Hamlet and the Grave Digger by Pascal Adolphe Jean Dagnan-Bouveret
The Grave Diggers scene (Act V, scene i) in Hamlet is well noted for its excellence as one that encompasses the themes of the play through literal graveyard humor. In this post, I explore three modern interpretations. Choose your own favorite!
Kenneth Branagh's 1996 production, with an all-star cast.
Personally, I hold the Kenneth Branagh version as the gold standard in its interpretation of the text. It is faithful (word for word) to the source, excellent in its casting (Billy Crystal is the First Grave Digger!), enunciated clearly, and acted with aplomb.
The costumes for the scene are plain–by elegant Victorian standards, which is the era this version is set in–and the whole scene is excellently lit and staged. I also like the platinum blonde of this Hamlet. He embodies the Melancholy Dane quite thoroughly, and his voice is a pleasure to hear. I also quite like Nicholas Farell’s Horatio. Branagh and Farell have an easy rapport and their Royal Shakespeare Company roots easily shine through.
- “Alas, poor Yorick!”
Billy Crystal as The First Grave Digger
Billy Crystal outshines them both, though, on several levels. His Grave Digger is dirty in appearance and only somewhat clownish, insomuch as he doesn’t take it to extremes. His wordplay is fast and clever, with all the hallmarks of a smart ass. He knows when to settle down into the text, though, and manages to bring a wise yet witty tone to what could otherwise be a flat delivery of jokes that are already expected.
2008 David Tennant DVD cover
David Tennant’s interpretation is acted in a more casual–yet no less affecting–manner and is played/spoken more in modern everyday tones than Branagh’s more deliberately poetic, elaborate, Elizabethan ones. This version is also thorough, as Royal Shakespeare Company productions tend to be, but not as excruciatingly true to the text as Branagh’s version. Its contemporary setting makes for interesting uses of technology, however. All in all, it’s a very good performance.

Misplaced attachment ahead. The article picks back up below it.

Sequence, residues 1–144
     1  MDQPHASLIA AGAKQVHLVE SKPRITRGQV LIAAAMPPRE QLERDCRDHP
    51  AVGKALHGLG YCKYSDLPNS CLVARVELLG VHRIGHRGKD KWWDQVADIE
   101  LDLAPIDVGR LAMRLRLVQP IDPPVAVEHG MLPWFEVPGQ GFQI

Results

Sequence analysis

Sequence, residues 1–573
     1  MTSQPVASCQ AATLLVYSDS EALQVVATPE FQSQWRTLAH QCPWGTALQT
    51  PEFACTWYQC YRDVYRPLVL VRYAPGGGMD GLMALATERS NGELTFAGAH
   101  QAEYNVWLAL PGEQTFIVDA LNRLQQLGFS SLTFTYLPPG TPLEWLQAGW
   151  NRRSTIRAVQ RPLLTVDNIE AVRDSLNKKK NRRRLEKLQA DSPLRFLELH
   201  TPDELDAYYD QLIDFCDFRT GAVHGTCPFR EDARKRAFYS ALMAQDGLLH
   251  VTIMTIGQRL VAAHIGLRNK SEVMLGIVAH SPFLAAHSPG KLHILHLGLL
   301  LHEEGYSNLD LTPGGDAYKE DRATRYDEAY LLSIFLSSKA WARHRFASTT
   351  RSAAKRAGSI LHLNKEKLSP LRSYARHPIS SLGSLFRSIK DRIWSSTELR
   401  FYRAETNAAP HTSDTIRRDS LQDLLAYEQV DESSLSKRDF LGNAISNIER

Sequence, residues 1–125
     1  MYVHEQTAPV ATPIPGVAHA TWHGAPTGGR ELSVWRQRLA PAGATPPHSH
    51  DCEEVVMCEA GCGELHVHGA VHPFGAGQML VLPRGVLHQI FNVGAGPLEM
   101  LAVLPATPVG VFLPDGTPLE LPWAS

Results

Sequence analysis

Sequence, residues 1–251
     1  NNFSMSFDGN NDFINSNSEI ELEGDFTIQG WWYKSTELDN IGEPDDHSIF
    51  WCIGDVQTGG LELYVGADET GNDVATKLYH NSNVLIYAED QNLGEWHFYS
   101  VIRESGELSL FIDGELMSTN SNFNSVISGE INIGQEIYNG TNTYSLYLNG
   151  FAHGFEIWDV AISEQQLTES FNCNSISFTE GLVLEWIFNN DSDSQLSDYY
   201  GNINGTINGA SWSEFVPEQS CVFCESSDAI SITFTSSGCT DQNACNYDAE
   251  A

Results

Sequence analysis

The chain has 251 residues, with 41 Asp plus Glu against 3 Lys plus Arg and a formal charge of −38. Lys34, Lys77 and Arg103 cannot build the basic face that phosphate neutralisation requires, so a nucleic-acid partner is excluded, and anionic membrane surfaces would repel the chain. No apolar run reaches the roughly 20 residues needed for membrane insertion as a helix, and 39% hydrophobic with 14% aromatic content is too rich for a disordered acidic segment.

The costumes for this scene are even more casual than this modern performance would dictate, however. Hamlet is dressed shabbily and appropriately for the chill, disguised as a commoner and in a state of genuine scruffiness. He wears dirty running shoes, and would not look out of place at a soup kitchen. I am slightly in awe of his casual line delivery; it makes the banter and wordplay somewhat more “real” and engaging. I am not so fond of the supporting cast, but Tennant truly shines here anyway. One thing that earns them mega-points, though, is the use of an actual human skull that was donated to The Royal Shakespeare Company.
FUN FACT: Yorick's skull is a REAL one.
The Grave Digger in this film falls flat for me. The thick accent is hard to interpret and the acting is only just adequate enough to support Tennant. I’m also not a fan of the tweed suit(!) he wears as he shovels dirt. The schoolteacher look does not fit the role nor the scene, in my opinion. The Second Grave Digger is clearly more clownish, but only in appearance. They both lack a charisma that could have given the entire scene more emphasis. The set is also lacking in decoration. The sparse, outdoor, brick wall backdrop is realistic, of course, but hardly sets the appropriate mood.
The final interpretation I chose stems from the title I created for this post. I thought to myself, “This title sounds like a really great name for a nerdy literature metal band.” However, I knew that one existed already. The Metal Shakespeare Company uses the Bard’s words and takes them up to eleven. They also happen to do a great version of a part of the Grave Diggers scene.
Taking Shakespeare up to 11.
My final thoughts? Branagh’s Grave Diggers scene is perfect if you want a fine mesh of the cerebral, moody, and faithful. Tennant’s is a breath of fresh air in a modern setting with playful delivery. The Metal Shakespeare company’s is pure gold if you’re tired of all the stuffiness, but still want to get your Yorick on.
Happy watching, everyone!
-K. Koeller 5/31/11